AUGUST 11, 2003

Matthew 5:40   And if any man will sue thee at the law, and take away thy coat, let him have thy cloak also.”

Perhaps this short story has a far deeper meaning than we see at first glance.  Could it imply that we’re not to give to another something that is easy to put off [discard] – like taking off a coat?    When a man asks for something we have in our possession, what is our first thought?

Is our first thought to give him the very best we have of whatever he needs, or is it to give him what is convenient [as easy as taking our coat off and handing it over] – what is less costly [keeping the finest for ourselves] – what has no emotional [sentimental] attachment for us  [perhaps a gift someone else has given us and we really didn’t like it anyway]. 

Or is our first consideration to give the inner cloak, something nearer and more dear to our heart – the best gift – the most expensive – my favorite – my cherished – something that isn’t convenient, but requires effort to locate or make available. 

I’m reminded of another short scripture story that tells of a man who was willing to do what even the religious leaders of his area were not willing to do – dirty his hands to pull a man out of a filthy gutter and provide him with shelter and food and pay all the expenses for his immediate necessities.  Others walked on the opposite side of the road so as not to be even tempted to help this poor fellow – even though they preached Isa. 58 loudly and often, i.e., feed the hungry, clothe the naked, bring the homeless into your home to lodge with you.

This man gave too much time concerning himself with the needs of the unfortunate man to be distracted even for a moment about any other man’s opinion of his actions.

Today, we call this man that helped the unfortunate man in the ditch “A Good Samaritan.”  But there are many today that, given the same opportunity to title the man, would call him a “fool”, “stupid”, “cruisin’ for a let-down.” “asking for trouble”.  “more money than brains.”  But what does God say about all of this.

First of all, God’s not looking at the exterior of a man [the coat].  He’s concerned with the heart of that fellow [the cloak].  He’s concerned with the one that is not holding onto material things of this world – secretly hoping they can figure out one of the greatest mysteries of this life:  how you can take all of your “things” with you when you depart.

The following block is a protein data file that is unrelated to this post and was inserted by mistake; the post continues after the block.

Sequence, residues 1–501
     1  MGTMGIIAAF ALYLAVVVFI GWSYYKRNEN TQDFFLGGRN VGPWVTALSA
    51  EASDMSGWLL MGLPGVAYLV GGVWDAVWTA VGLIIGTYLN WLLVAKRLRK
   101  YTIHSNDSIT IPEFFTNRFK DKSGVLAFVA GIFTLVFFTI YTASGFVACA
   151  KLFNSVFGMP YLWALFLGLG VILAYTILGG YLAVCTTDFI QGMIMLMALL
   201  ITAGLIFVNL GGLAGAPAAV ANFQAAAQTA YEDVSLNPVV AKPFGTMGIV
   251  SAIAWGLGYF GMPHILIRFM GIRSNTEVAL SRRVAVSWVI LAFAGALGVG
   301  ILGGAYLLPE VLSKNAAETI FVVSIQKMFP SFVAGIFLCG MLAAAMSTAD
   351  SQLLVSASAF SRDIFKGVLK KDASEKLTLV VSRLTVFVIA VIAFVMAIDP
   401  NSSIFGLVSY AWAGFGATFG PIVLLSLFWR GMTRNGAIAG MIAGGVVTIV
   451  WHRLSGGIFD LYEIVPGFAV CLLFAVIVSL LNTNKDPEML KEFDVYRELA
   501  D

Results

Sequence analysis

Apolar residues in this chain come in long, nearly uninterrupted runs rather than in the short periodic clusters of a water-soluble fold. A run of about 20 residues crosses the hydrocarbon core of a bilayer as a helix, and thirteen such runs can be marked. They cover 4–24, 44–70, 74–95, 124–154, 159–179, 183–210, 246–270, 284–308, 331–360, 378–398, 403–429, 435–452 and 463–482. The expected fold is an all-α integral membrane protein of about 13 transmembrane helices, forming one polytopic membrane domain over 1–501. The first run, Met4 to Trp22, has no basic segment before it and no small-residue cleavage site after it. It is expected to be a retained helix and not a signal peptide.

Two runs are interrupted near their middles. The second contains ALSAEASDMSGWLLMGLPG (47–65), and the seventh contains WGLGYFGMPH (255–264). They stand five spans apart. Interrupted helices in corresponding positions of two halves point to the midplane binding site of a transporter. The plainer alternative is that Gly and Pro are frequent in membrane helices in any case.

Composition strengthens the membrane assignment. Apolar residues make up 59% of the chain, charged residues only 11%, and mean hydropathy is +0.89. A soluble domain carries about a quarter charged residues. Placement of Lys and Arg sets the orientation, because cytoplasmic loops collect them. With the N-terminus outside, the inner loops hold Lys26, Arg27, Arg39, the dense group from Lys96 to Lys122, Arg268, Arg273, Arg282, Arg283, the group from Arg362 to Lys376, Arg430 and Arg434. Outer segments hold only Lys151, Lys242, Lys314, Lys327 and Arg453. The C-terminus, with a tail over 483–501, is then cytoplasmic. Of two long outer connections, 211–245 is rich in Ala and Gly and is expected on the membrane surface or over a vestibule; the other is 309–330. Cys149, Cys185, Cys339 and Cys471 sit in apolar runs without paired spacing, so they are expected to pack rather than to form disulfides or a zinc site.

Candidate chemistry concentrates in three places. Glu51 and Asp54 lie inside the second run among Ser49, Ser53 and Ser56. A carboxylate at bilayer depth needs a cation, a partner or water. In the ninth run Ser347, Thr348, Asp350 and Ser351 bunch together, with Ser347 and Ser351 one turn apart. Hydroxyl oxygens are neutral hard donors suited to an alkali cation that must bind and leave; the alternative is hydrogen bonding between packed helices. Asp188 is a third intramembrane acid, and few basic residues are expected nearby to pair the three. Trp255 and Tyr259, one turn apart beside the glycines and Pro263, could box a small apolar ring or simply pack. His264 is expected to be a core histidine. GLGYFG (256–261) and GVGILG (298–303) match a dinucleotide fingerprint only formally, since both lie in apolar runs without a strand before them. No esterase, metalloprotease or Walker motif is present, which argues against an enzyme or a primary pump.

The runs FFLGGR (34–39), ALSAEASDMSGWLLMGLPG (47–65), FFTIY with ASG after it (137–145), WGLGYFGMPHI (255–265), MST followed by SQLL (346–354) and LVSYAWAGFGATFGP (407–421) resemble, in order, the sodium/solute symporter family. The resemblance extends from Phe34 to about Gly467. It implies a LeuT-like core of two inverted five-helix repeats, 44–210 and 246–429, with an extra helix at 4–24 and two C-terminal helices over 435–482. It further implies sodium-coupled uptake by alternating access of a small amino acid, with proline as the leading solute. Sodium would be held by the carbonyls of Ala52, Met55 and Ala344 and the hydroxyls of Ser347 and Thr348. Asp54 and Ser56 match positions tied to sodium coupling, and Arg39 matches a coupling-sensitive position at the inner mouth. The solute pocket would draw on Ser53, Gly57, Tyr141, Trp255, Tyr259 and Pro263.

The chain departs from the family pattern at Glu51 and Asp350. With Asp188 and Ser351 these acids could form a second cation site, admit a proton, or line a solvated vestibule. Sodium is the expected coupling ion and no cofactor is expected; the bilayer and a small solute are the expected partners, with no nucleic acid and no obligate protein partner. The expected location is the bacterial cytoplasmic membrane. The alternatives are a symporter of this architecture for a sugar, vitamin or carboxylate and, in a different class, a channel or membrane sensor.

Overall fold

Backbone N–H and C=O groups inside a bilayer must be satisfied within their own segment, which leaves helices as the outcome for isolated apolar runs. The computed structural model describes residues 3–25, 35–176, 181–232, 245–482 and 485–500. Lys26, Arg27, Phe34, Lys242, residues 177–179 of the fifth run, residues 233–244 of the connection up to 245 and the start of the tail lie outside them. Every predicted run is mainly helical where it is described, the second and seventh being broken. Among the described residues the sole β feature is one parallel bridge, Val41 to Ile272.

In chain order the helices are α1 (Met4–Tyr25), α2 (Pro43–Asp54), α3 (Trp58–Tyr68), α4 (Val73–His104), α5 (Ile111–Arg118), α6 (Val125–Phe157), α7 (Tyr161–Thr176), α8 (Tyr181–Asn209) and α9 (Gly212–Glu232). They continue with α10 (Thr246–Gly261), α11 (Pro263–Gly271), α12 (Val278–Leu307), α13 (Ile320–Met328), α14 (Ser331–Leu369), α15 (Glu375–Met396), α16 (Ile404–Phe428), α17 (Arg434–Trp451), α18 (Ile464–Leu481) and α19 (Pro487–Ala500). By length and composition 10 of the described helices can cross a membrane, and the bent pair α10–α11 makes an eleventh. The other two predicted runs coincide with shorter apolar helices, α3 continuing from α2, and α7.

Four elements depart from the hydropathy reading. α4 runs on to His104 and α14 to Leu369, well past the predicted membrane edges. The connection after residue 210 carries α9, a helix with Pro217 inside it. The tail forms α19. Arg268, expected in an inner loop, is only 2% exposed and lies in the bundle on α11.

He’s looking for the man that knows nothing belongs to him and he sure can’t take it with him when he leaves life as we know it.  Everything he has is “on the altar – ready to be sacrificed – available to be freely given should his Master speak the word.”  He has found the secret joy of giving and is looking for no reward beyond the good feeling he has every time he is told to release something into another’s hands. 

I know of a relationship in my circle of acquaintances where neither party in the relationship has learned the unending joy available in learning to give freely.  Each of these folks is trying to create his own kingdom instead of working as a team to create a kingdom between them where God can dwell.  I think of the woman in this relationship often and think, “How is she ever going to be a part of the Bride of Christ if she can’t even respect this man, a man she says God brought to her.”

And I’ve often wondered how this man could ever consider himself called to be a minister – someone responsible for the spiritual growth of others, if he can’t even guide his own household into the arms of Jesus – fully trusting Him to release the other party from the bondage they find themselves living in day-to-day.  My heart cries out to the Father in their behalf.  Instead of the shark existence they presently experience [back biting, name calling, accusing, bickering] their lives could be such peace and joy everyday, should they choose to lay down their grievances, make a truce, and seek God together and ask Him to give them the love for each other that God has for each of them.  I’ve seen other couples pray that way and watched God pour out loving kindness in their hearts and literally watched as God continued dealing with each individual and gave them a love and a respect for each other neither had ever dreamed possible.  To see the preference and honor for each other come to the foreground was the most exciting thing I’ve seen in a long time. 



































































GIVE THE BEST GIFT [Sunny Orly Coffman] 8-11-03         1


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